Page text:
Economic management in Australia

15 Aug 2017 speech

Ms FLINT (Boothby) (16:18): There seems to be a lack of conviction from those opposite on this topic today. We know that their record on economic management of this nation is truly appalling, so it's really not surprising that their hearts are not quite in this issue today. During Labor's six terrible years in office they, effectively, destroyed our economy. Under the Rudd-Gillard-Rudd governments, and I note there are a number of MPs in this parliament who served in senior positions in those governments, they left our nation and future generations with debt unlike anything we have seen before in Australia. There was something in the order of $277 billion, although John Howard and Peter Costello left them with $50 billion in the bank in 2007—that is responsible government.

It's impossible to list all of Labor's failed policies, but I will list a few to remind people of the waste of money that occurred under the Rudd-Gillard-Rudd governments. There were the pink batts; the cash for clunkers; the green loans scheme; unfunded policies like the NDIS; the National Broadband Network; and the mining tax, which destroyed jobs and industry confidence but, happily, was repealed by us when we got back into government. There was also the carbon tax, which did more to harm businesses and, again, jobs than many of their other policies, and it also pushed household power prices up. There were the school halls and having to build detention centres, because Labor lost control of our borders and drowned 1,200 people at sea—which is the most disgraceful thing that they did during their time in government. They had to build a number of detention centres. Billions upon
billions of taxpayers' dollars were wasted trying to get back the control of our borders.

If the Labor Party ever make it back into government again, we won't just see debt and incompetence from them; we will see a government controlled by union thugs. We will see a raft of policies that will cripple our economy and undo our good work. We know that Labor is planning to introduce $150 billion worth of taxes—that's what a Labor government would deliver to the Australian people. A Shorten Labor government would mean economic destruction for our nation, and this will hurt our businesses. It will hurt hardworking Australians.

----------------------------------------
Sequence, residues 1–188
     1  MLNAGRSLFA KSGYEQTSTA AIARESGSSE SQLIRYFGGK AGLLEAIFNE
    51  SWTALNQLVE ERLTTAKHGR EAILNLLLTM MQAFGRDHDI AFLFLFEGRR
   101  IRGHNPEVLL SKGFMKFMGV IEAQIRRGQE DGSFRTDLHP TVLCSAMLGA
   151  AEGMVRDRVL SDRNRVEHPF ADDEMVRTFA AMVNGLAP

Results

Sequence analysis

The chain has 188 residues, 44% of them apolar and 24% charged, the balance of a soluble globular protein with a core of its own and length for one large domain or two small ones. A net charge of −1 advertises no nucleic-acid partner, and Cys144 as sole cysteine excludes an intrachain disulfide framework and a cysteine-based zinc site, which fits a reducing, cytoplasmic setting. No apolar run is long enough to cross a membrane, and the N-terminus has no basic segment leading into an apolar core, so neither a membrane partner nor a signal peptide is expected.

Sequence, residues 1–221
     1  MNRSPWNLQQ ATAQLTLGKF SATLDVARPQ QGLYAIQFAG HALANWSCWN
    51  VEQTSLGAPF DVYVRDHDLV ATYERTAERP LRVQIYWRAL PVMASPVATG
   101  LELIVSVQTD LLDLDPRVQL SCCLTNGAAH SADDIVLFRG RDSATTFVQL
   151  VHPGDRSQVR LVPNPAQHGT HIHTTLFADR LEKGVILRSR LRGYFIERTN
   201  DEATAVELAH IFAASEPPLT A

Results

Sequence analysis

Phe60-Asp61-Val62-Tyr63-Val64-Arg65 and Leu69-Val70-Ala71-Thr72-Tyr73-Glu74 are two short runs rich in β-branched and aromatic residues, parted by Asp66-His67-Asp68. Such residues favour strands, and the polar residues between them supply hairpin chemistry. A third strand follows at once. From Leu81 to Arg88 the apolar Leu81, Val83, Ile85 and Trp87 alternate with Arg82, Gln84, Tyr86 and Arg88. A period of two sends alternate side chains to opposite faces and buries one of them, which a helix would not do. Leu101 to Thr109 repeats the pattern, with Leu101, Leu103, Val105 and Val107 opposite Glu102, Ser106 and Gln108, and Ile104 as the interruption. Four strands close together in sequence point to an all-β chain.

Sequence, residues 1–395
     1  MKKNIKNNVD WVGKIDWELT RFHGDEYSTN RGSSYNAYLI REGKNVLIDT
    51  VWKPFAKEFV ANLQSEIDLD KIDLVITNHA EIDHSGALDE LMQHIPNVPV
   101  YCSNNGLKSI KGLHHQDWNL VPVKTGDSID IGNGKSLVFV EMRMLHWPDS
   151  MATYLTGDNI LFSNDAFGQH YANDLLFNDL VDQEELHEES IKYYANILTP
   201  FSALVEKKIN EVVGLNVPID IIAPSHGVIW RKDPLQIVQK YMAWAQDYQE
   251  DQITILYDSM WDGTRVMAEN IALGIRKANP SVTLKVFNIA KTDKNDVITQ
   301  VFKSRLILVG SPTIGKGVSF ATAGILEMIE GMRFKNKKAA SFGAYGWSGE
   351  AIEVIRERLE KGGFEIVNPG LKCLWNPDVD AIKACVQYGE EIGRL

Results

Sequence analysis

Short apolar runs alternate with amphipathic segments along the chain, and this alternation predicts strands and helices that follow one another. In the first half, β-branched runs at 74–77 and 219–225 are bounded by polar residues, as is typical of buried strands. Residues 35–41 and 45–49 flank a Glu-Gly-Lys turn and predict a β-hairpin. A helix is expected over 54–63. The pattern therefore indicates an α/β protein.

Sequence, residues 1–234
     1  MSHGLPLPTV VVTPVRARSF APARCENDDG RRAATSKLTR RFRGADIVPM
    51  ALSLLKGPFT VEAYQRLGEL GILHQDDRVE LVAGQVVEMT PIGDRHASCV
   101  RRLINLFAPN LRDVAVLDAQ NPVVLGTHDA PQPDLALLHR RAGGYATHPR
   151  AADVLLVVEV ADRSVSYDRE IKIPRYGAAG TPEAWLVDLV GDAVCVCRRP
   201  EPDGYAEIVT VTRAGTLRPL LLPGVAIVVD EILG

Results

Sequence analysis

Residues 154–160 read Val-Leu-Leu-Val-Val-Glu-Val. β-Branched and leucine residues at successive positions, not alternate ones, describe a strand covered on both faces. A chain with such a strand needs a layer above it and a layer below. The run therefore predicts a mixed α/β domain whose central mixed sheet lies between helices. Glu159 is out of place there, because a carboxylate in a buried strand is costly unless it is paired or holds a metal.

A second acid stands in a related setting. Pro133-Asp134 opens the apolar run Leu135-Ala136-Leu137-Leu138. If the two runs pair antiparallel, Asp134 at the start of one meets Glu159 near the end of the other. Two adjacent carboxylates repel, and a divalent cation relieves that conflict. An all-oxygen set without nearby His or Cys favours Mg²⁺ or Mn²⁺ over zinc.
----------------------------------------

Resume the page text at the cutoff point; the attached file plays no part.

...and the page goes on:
It will hurt families. Let's take a quick look: increasing taxes on small businesses and failing to implement the remainder of our enterprise tax plan—$65 million; scrapping negative gearing—$32 billion; increasing capital gains tax—$13 billion; family trusts tax—$15 billion; increasing income taxes—$22 billion; and secret superannuation taxes —$20 billion. This is what a Labor government would deliver, and we cannot do that to the Australian people— to hardworking Australians and to our businesses who keep this nation going and growing. It seems that Labor want to prevent Australian businesses from employing Australians. They want to stall economic growth and opportunity. They want to stop hardworking Australians from getting ahead—from providing for their families and from being able to afford to give back to their community, which is the very thing that keeps our nation
and our social fabric strong.

In comparison, we are leading the way on economic management, and we have a very proud record. We have a great record on reducing Labor's unprecedented debt, delivering Liberal reforms to help small businesses, and producing good public policy designed to stimulate the economy and to create the jobs that hardworking Australians need. Let's look at how many jobs we've created—700,000 jobs since we came to government. Over 240,000 jobs were created in the 2016-17 financial year, and almost 75 per cent of these were full-time. So not only are we working hard on economic reform, but we are dealing with the underemployment crisis that the Labor Party left us with.

We're doing a number of things for small business tax reform, including cutting taxes for small and medium businesses, increasing the tax discount rate for unincorporated businesses, and increasing the small business annual turnover threshold for both incorporated and unincorporated businesses to $10 million, amongst many other things.